Harmon said he had a childlike demeanor as well, which benefitted Herrera with connecting to his young audience. She was surprised that the poet received such a positive reaction when he asked for the students to repeat his lines. Rowles even mentioned the main difference between the poet and his poems were how comedic he presented himself.
“I loved how energetic Juan was; he really brought the poetry to life,” senior Elizabeth Barnett said. Barnett is one of the students who introduced Herrera onto the stage.
Herrera’s lively execution achieved what some English teachers may joke would be an impossible task; the Laureate made the students interested in poetry. Herrera explained his pieces with interesting anecdotes about the inspiration behind it. Senior Diddo Alber said she enjoyed “looking into the mind of a poet” and the thought process behind such a renowned person.
“He kept poems from being unreachable and hard to understand,” Boyd said.
Harmon added, “Poetry is like music, sometimes you have to listen to it before you can understand it.”
Overall, Herrera’s message was clear: every person, regardless of background or appearance, is connected by the fact that all are human, and that everyone must learn from each other.
“It’s cool to see a different point of view, but also feel the same connectedness that we all have because we’re all human,” Barnett said.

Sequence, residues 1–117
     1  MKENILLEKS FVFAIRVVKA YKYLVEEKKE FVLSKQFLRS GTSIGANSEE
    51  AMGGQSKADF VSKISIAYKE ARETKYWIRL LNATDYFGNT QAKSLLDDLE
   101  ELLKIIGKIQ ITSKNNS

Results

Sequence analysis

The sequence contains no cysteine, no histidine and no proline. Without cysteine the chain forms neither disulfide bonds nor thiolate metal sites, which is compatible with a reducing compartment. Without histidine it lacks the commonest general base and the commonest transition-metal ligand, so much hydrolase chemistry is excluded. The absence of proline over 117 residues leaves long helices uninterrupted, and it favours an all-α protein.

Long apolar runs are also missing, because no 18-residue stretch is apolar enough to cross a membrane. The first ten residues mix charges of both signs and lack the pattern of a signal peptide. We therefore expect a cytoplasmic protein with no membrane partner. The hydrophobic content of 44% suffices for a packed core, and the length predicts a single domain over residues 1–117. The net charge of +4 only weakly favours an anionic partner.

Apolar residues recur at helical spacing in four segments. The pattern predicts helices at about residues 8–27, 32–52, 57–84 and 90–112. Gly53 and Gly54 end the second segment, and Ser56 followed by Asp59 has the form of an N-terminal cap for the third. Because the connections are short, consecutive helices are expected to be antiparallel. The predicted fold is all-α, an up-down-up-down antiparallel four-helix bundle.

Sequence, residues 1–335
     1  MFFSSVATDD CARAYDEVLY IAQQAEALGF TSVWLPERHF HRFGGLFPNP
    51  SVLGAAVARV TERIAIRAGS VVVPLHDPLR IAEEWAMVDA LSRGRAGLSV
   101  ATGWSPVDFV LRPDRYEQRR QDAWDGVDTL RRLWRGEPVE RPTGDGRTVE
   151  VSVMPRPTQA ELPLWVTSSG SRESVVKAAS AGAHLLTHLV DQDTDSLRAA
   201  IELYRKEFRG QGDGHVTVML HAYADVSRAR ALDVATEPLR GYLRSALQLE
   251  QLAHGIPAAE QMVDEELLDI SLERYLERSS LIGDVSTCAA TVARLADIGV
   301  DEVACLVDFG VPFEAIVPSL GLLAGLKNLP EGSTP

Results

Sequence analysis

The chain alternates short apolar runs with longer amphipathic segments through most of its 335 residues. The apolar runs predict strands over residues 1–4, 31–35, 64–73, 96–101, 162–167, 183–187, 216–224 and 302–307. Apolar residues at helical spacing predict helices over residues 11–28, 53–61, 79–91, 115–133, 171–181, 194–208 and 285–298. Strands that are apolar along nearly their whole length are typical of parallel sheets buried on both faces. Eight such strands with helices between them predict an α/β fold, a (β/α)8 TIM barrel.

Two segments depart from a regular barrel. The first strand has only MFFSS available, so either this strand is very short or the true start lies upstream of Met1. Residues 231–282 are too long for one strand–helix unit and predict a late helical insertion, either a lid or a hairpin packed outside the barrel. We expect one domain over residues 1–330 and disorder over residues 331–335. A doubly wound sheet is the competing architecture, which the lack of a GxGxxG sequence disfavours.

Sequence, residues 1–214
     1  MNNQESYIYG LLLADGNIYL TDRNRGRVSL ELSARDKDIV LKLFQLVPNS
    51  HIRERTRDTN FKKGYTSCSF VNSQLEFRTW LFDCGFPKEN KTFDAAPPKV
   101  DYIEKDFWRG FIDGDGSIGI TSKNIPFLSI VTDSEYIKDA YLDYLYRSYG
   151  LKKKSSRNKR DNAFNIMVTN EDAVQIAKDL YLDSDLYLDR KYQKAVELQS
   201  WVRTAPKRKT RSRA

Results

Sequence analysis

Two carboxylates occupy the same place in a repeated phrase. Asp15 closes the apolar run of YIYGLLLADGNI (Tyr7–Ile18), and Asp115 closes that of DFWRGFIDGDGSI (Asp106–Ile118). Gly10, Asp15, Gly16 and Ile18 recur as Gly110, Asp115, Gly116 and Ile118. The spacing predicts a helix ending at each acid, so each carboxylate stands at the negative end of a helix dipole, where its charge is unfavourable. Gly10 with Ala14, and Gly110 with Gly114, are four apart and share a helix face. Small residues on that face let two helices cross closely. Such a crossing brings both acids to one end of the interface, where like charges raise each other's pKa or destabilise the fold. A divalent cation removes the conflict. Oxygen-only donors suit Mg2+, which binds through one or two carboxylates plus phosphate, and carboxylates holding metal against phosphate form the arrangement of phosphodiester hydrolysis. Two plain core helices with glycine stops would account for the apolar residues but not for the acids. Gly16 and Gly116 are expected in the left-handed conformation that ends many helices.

After his visit, Herrera sent a letter to Borah, thanking the school for its participation and energy. Herrera said out of all the schools he has presented to in the last 47 years, Borah was number one.
“Every single student in every single seat literally was standing up together, so concerned, so filled with inspiration, so filled with joy and intelligence and hope that I felt a collective human dream had come true,” wrote Herrera.
Before the his presentation, Herrera talked with a group of Bridge students along with a few others, and gave an abridged version of what the rest of the school heard. Atkins explained that many of the Bridge students were nervous to talk to the poet, but the atmosphere changed after Herrera started sharing his story.
“Watching their demeanor from being really nervous to asking questions and laughing was probably my one of my favorite things,” AP Literature teacher Pamela Atkins said.
Herrera’s visit would not have been possible without the help of Boyd and Atkins.
Boyd explained The Cabin Literary Center, a local writing organization in downtown Boise, receives grants from its program Readers and Conversations for national authors like Herrera to speak at different venues and schools. The program rotates among schools depending upon the match between the visiting author and the school’s corresponding audience, but according to Boyd, it just made sense to bring Herrera to Borah.
“They [Readers and Conversations] thought we were a good match because of our diverse everything–not just refugees, but also our AP programs, our social-economic differences, AVID, everything else that makes us Borah,” Boyd said.